“And then of course there’s the all important Green vote to consider,” said Dominic Rabid. How about we pledge to get the woodwork of the school pavilion repainted back to its original green colour? And don’t forget that the most important thing is to ensure our secret school garden hedge fund is kept in good shape for the future.”
“Fracking Hell, what Wizard Wheezes!” exclaimed Savage Livid.
“I expect Jeremy CorBlimey will offer everyone free full-fibre broad beans,” suggested James Stupidly, and not at all cleverly.
“Don’t be such an old parsnip! It’s going to be years before people become interested in eating high-fibre diets” exclaimed Grease Smug.
“Hadn’t we better suppress our last end-of-term reports?” asked Loathsome somewhat nervously. “There are some awkward comments about us there we wouldn’t want leaking out into public.”
At that point, Boris shouted ‘Fag’, and a rather vacant, somewhat intoxicated-looking youth immediately appeared.
“Ah, there you are Gover. Go over to the school office, find our last reports and burn them, will you? Cut along, now. And no jokes about not sitting on them, please.”
“Yes, at once Bunter,” said Gover, somewhat glibbly, and he scurried off.
“What a Jammie Dodger** you are Bunter,” said Rabid. “How many more clever lies can you think of to tell everyone?”
“I’ve never tried to lie,” lied Boris. “I just get things wrong sometimes.” He felt his nose grow slightly, but just in time remembered that fortunately his father had taught him how to spell Pinocchio, so he knew he was clever enough never be found out.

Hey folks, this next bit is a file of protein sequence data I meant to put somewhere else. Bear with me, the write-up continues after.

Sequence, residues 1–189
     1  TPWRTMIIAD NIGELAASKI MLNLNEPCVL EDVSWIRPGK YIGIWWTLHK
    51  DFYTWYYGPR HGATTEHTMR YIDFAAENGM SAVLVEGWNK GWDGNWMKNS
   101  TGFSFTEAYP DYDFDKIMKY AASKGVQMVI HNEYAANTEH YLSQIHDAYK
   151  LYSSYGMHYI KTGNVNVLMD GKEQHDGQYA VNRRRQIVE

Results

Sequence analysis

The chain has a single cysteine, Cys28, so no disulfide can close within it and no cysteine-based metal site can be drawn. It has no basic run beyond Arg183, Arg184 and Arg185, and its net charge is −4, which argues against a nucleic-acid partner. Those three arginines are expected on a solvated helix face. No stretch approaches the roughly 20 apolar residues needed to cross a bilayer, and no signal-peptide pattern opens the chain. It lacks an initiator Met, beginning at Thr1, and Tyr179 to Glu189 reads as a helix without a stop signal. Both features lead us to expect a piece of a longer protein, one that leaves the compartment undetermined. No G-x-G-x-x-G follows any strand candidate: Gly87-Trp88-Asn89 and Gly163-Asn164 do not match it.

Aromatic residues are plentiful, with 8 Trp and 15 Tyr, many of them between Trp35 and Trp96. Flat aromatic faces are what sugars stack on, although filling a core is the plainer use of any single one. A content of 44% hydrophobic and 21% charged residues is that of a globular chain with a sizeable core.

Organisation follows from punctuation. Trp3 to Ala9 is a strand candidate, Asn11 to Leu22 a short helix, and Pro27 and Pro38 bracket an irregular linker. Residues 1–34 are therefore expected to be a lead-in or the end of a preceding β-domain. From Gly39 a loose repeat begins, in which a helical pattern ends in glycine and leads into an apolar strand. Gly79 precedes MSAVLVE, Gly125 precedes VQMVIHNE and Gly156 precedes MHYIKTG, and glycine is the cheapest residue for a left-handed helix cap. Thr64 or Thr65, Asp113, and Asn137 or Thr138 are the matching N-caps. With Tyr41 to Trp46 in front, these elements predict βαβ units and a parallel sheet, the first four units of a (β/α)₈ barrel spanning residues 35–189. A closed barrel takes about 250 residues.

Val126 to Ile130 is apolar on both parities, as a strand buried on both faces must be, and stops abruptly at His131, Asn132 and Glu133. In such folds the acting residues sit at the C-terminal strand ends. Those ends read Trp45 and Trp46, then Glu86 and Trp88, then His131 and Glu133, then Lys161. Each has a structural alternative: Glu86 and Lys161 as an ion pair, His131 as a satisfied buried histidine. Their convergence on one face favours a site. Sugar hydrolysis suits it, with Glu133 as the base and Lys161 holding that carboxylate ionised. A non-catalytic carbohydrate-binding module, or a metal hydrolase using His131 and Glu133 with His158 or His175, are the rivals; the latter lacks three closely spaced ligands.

Undeterred, Boris went on, “I will give a speech on the main school steps to launch our campaign, and I’ll be sure to include lots of Latin phrases that no-one will understand but will make me sound jolly clever. I’ll have to ask Mr Google, the new Latin master, to help with the translations, although I’m not quite sure how accurate he is. I know! How about: ‘Veni, vidi, cepi’ – ‘I came, I saw, I feasted.’?”
“Or perhaps ‘Piffle, wiffle, waffle?’” Savage Livid sniggered savagely. “Whatever that means? Perhaps it’s ‘I piffled, I wiffled, I waffled’?”
Boris gave Livid a stare as cold as an empty chaired ice-sculpture hiding in a freezer to avoid journalists. “And we’re going to need a jolly good slogan,” he continued, as usual completely ignoring anything he didn’t want to hear.
“What about: ‘Unleash Bluefriars’ Potential’?”
“Unleash Bunter’s trouser belt, more likely!” joked Stupidly, fortunately without clarifying exactly what he meant.
“Let’s Get Breakfast Done?” Smog suggested.
“No thanks,” replied Bunter. “I already got a substantial breakfast done about three hours ago, and anyway it will be lunchtime soon. Going back to the slogan, we want everyone to think we’re going to take back control and clear up the current mess – even if was one we made it ourselves. Everything needs to be clearly labelled, neatly organised and put back exactly in its proper place according to the rules – the way things used to be: ‘Make Bluefriars Straight Again’.“
“OK chaps, remember our aim is ‘panem nostrum comedemus et erit etiam’ – to have as much cake as we can possibly get hold of, and then to eat it all. Mind you then we won’t have our cake any more, so we can’t actually have our cake and eat it too, but who cares about logic?”
And so the electioneering began and Boris and the Bullying Club got up to all sorts of dirty tricks, spreading all sorts of false facts, porkie pies, and tall tales just like they were butter on a toasted crumpet.